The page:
Intern Report Case 3.2

Case Presentation by Dr. Jeanise Butterfield

A 58-year-old woman presents to the emergency department with severe abdominal pain, generalized weakness and subjective fever.    She is able to tell you that the pain began yesterday and has been gradually getting worse since onset but she is so weak that she only speaks in short phrases.  The pain is constant and cramping in nature, getting worse.  She has had 2-3 episodes of emesis per day and decreased appetite.   She has been feeling very warm but has not taken her temperature.   No diarrhea, last BM yesterday. 

She has a history of COPD and hypertension and was recently discharged from an outside hospital after a lengthy stay for COPD exacerbation and pneumonia which required intubation.  She was given several prescriptions to fill including inhalers and pills but could not secondary to lack of insurance and financial issues.   

PMH: COPD, HTN but noncompliant with medications
Meds:  None
Allergies: NKDA
FH: Hypertension
SH: Occasional alcohol use.  25 pack year tobacco history but quit 5 years prior. Denied illicit drug use.


PE:     Vital Signs - BP 96/64, heart rate 108, respiratory rate 24, temp 38.2°C, pulse ox 96% on RA
           HEENT: Atraumatic, normocephalic; PERRL, EOMI; dry mucus membranes                 
General - Thin female lying still in fetal position on stretcher
Skin - Diaphoretic, pale, no rashes
           Cardiovascular - Tachycardic, regular rhythm, no murmurs
Respiratory - Tachypneic, decreased breath sounds at the right base, slight expiratory wheeze bilaterally, no accessory muscle use
Abdominal - Soft, nondistended, diffusely tender to palpation, + guarding, no rebound, normal bowel sounds,
            Musculoskeletal - Full ROM in all 4 extremities, no edema, symmetric pulses bilateral UE & LE
Neuro - A&O x 3, normal speech and hearing, face is symmetric, sensation equal and intact throughout, motor is decreased in all extremities but symmetric, patient not exerting much effort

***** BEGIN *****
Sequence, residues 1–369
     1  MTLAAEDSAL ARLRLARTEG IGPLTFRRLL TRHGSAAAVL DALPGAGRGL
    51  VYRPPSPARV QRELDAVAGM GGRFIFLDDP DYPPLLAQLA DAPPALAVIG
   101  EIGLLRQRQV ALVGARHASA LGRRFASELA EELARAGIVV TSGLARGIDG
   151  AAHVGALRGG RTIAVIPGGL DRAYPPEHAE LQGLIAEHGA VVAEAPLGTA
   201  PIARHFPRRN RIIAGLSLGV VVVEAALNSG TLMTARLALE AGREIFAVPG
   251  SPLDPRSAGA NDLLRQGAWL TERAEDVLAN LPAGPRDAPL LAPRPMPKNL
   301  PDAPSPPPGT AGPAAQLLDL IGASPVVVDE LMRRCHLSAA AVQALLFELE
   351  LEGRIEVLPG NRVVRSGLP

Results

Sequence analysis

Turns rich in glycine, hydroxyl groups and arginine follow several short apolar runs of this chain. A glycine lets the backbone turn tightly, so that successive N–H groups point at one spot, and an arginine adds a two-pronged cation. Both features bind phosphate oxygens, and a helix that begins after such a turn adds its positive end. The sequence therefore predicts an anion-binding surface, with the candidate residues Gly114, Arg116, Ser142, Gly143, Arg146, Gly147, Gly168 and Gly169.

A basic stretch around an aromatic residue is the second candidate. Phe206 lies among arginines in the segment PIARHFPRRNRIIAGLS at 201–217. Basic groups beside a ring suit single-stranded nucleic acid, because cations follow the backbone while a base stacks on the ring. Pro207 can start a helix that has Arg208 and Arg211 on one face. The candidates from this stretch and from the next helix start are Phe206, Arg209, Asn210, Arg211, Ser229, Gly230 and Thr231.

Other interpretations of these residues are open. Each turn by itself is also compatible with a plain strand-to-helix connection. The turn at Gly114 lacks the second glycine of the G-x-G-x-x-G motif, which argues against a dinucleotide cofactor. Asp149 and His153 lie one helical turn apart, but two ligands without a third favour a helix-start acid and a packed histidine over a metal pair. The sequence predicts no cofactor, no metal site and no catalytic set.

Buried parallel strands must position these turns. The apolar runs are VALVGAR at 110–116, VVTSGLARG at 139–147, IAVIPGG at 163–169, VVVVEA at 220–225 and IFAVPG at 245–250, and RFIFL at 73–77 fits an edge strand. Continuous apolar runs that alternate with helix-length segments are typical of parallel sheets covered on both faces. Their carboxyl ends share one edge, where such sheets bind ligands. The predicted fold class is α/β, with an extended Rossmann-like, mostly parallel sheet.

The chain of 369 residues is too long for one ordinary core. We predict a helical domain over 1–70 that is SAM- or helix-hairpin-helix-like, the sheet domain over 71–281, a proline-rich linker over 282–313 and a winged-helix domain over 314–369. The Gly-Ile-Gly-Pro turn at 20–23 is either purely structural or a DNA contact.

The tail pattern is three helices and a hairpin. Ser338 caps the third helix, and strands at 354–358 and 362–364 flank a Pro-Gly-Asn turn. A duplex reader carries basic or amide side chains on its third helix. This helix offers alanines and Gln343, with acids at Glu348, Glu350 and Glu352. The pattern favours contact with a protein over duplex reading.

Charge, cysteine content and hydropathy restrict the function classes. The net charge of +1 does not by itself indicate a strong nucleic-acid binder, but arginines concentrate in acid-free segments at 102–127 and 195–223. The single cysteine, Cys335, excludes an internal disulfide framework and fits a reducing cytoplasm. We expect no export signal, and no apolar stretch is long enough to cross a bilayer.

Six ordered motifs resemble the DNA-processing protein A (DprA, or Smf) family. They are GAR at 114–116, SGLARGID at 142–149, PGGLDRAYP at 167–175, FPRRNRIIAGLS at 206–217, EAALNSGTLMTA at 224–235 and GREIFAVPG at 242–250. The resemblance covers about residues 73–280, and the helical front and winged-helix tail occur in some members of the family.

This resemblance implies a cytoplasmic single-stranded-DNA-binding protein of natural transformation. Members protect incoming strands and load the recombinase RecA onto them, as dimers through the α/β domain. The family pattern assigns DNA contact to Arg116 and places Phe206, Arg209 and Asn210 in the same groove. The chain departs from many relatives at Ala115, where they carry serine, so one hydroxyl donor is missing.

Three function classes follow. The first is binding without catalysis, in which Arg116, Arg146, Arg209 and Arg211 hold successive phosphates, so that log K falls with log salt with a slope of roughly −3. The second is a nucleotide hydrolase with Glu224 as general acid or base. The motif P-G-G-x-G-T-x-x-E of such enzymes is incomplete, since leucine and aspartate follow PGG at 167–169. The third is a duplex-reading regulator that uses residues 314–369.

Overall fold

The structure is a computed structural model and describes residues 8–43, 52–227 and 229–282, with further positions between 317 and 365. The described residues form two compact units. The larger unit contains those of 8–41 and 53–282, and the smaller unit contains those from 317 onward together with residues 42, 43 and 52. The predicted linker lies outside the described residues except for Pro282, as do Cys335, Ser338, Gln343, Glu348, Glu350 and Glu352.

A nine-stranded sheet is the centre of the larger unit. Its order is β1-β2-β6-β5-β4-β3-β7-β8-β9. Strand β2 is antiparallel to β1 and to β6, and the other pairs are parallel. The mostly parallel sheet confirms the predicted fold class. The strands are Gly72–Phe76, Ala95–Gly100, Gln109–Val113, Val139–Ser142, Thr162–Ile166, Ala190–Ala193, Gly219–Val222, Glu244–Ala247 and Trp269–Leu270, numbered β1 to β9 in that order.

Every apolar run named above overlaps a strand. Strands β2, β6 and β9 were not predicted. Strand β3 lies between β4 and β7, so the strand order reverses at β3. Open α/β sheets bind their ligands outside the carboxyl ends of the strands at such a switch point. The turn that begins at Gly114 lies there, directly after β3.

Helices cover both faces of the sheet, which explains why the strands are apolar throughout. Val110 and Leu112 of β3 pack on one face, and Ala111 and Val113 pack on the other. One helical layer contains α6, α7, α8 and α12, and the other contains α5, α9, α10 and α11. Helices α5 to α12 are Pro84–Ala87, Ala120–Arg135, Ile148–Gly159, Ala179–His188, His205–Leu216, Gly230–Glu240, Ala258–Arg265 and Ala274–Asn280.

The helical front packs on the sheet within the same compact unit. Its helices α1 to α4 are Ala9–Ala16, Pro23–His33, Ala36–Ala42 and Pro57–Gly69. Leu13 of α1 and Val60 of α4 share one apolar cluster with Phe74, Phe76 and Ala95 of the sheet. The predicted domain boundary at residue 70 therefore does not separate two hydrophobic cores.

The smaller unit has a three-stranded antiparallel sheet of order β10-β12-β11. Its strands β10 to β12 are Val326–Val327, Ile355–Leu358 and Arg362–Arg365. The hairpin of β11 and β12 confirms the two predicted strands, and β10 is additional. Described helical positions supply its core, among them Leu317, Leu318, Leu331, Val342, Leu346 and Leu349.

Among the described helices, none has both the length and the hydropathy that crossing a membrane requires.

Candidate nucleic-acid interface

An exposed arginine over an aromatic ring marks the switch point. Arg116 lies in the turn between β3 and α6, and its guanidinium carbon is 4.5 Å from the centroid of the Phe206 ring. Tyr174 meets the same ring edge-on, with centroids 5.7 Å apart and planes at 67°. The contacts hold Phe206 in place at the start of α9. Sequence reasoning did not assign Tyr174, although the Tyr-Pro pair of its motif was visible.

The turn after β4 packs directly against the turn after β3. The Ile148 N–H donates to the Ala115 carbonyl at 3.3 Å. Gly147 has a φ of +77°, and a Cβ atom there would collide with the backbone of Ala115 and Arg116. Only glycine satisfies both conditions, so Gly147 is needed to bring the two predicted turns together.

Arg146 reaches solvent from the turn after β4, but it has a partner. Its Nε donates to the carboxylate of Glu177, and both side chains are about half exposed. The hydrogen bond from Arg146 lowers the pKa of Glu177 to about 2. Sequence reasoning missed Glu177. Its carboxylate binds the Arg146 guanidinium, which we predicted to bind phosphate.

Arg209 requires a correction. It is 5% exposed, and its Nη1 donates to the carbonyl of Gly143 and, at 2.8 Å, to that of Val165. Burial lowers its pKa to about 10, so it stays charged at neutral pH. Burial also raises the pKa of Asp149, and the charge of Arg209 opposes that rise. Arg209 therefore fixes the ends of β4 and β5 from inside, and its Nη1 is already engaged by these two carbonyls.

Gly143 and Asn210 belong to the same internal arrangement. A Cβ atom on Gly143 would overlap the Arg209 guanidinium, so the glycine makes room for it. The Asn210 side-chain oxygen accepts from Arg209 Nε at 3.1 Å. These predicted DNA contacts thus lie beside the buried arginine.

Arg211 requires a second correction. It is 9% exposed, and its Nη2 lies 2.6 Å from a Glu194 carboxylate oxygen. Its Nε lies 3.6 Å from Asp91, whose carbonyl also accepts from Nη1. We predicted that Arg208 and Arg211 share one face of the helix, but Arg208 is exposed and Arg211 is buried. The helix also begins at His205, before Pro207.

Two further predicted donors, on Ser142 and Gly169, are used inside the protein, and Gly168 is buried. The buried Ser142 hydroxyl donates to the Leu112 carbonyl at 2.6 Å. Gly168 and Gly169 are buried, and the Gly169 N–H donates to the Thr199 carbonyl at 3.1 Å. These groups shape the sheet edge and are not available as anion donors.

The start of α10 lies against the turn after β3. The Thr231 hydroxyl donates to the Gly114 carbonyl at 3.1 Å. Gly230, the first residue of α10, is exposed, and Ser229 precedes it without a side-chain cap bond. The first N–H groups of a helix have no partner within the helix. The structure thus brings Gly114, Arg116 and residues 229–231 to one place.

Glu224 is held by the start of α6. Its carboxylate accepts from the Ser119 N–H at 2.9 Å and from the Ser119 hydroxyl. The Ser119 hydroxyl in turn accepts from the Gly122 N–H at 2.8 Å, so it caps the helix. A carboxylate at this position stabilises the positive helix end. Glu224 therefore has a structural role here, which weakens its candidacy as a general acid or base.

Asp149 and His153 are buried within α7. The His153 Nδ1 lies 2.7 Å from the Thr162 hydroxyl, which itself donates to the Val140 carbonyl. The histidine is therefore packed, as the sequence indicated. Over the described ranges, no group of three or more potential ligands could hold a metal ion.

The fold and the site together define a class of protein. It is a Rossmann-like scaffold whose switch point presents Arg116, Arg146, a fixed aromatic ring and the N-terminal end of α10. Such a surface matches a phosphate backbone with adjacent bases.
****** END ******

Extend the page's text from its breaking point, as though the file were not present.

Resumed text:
Pertinent Labs:
                  Sodium 128 mEq/L, potassium 5.8 mEq/L, glucose 55 mg/dL, cortisol 20 µg/dL. 

Questions

1.  Immediate management of the patient should include:
                  a. Surgical consultation
                  b. Abdominal CT
                  c. Morphine
                  d. Hydrocortisone
                  e. ACTH stimulation test

2. If an EKG was performed on this patient, which abnormality could be expected
                  a. ST elevation
                  b. Right bundle branch block
                  c. Peaked T waves
                  d. Prolonged QT interval
                  e. Prominent U waves

3. Which of the following is least likely to precipitate acute adrenal insufficiency:
                  a. Etomidate
                  b. Phenytoin
                  c. Ketoconazole
                  d. Rifampin
                  e. Nitroglycerine

Please submit your answers as a comment. Your submission will not immediately post.  Answers with a case discussion will post on Friday.  If you have any difficulty, please contact the site administrator at arosh@med.wayne.edu. Thank you for participating in Receiving's: Intern Report.


Intern Report Case 3.2

Case Presentation by Dr. Jeanise Butterfield

A 58-year-old woman presents to the emergency department with severe abdominal pain, generalized weakness and subjective fever.    She is able to tell you that the pain began yesterday and has been gradually getting worse since onset but she is so weak that she only speaks in short phrases.  The pain is constant and cramping in nature, getting worse.  She has had 2-3 episodes of emesis per day and decreased appetite.   She has been feeling very warm but has not taken her temperature.   No diarrhea, last BM yesterday. 

She has a history of COPD and hypertension and was recently discharged from an outside hospital after a lengthy stay for COPD exacerbation and pneumonia which required intubation.  She was given several prescriptions to fill including inhalers and pills but could not secondary to lack of insurance and financial issues.